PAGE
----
Later, dinner is served. Everyone joins hands and gives thanks for what they’re most grateful for. Doug is thankful for family, friends and Julie, then Julie says she’s thankful for Doug who keeps her young.
Sheila’s thankful she’s out of prison, “I mean the food. If a rat died…” Eli shushes her. She’s also grateful to her friend Eli. Abe’s thankful Theo survived the shooting, and for the wonderful woman sitting next to him.
Val’s grateful to have found so much happiness in Salem. Eli shares that Lani texted him and said she’s thankful for everyone’s support. Eli agrees, happy that everyone has been there for him. He loves them all. Julie cries.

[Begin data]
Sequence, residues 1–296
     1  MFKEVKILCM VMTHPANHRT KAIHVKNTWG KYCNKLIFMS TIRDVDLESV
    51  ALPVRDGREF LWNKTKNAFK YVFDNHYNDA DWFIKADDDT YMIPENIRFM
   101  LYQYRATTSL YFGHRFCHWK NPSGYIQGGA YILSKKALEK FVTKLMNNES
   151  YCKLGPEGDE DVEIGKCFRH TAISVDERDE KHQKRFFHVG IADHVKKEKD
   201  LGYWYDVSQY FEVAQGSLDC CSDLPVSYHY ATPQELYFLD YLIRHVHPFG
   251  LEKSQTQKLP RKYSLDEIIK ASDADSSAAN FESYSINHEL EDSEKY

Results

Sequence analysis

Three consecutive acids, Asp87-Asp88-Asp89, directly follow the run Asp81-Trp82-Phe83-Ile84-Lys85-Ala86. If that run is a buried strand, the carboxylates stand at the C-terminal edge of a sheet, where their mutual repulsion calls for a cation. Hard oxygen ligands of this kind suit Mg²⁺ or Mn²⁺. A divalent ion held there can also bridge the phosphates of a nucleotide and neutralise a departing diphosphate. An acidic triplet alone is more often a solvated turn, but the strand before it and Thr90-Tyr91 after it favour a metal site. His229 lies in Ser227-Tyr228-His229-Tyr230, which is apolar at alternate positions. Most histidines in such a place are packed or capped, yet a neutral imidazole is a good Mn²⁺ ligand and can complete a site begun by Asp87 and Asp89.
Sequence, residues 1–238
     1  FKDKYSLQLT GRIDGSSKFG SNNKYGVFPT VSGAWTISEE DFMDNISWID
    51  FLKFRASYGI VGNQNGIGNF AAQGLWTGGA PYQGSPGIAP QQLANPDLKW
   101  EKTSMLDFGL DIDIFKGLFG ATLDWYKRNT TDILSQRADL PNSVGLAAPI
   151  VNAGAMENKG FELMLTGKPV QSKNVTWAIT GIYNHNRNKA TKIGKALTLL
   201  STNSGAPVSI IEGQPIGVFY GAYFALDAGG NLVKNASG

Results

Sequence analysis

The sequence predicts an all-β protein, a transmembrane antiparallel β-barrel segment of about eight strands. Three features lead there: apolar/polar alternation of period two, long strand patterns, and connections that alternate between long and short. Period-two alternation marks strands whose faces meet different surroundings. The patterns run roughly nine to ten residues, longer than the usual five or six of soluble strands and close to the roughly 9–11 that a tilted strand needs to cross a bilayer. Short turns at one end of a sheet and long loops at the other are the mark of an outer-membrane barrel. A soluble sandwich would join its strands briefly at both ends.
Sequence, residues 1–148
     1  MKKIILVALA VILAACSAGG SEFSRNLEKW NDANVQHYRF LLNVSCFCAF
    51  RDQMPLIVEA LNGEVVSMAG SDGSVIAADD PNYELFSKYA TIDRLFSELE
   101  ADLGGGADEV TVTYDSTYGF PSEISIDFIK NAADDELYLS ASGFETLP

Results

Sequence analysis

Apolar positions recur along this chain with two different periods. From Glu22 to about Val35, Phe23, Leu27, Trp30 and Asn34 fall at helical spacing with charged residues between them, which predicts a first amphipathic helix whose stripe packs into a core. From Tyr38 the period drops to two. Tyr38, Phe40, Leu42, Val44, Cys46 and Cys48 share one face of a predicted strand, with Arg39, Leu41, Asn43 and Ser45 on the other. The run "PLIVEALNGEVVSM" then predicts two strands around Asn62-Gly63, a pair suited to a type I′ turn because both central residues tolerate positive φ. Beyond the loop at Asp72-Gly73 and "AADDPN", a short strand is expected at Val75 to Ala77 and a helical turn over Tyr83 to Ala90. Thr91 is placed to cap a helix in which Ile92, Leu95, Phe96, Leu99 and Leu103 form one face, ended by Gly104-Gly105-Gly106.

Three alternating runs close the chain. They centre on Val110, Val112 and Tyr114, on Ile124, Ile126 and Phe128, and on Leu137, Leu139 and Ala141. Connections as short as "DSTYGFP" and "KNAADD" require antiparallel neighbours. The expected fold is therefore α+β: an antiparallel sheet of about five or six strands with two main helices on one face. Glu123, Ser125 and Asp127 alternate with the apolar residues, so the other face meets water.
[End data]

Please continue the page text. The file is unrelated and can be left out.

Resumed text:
They pray and eat and Val and Abe make-up. He is proud of her and they agree to try a long-distance relationship.
Sheila ends the evening insisting Eli take her home so she doesn’t have to listen to Julie and Bill singing in the kitchen any longer!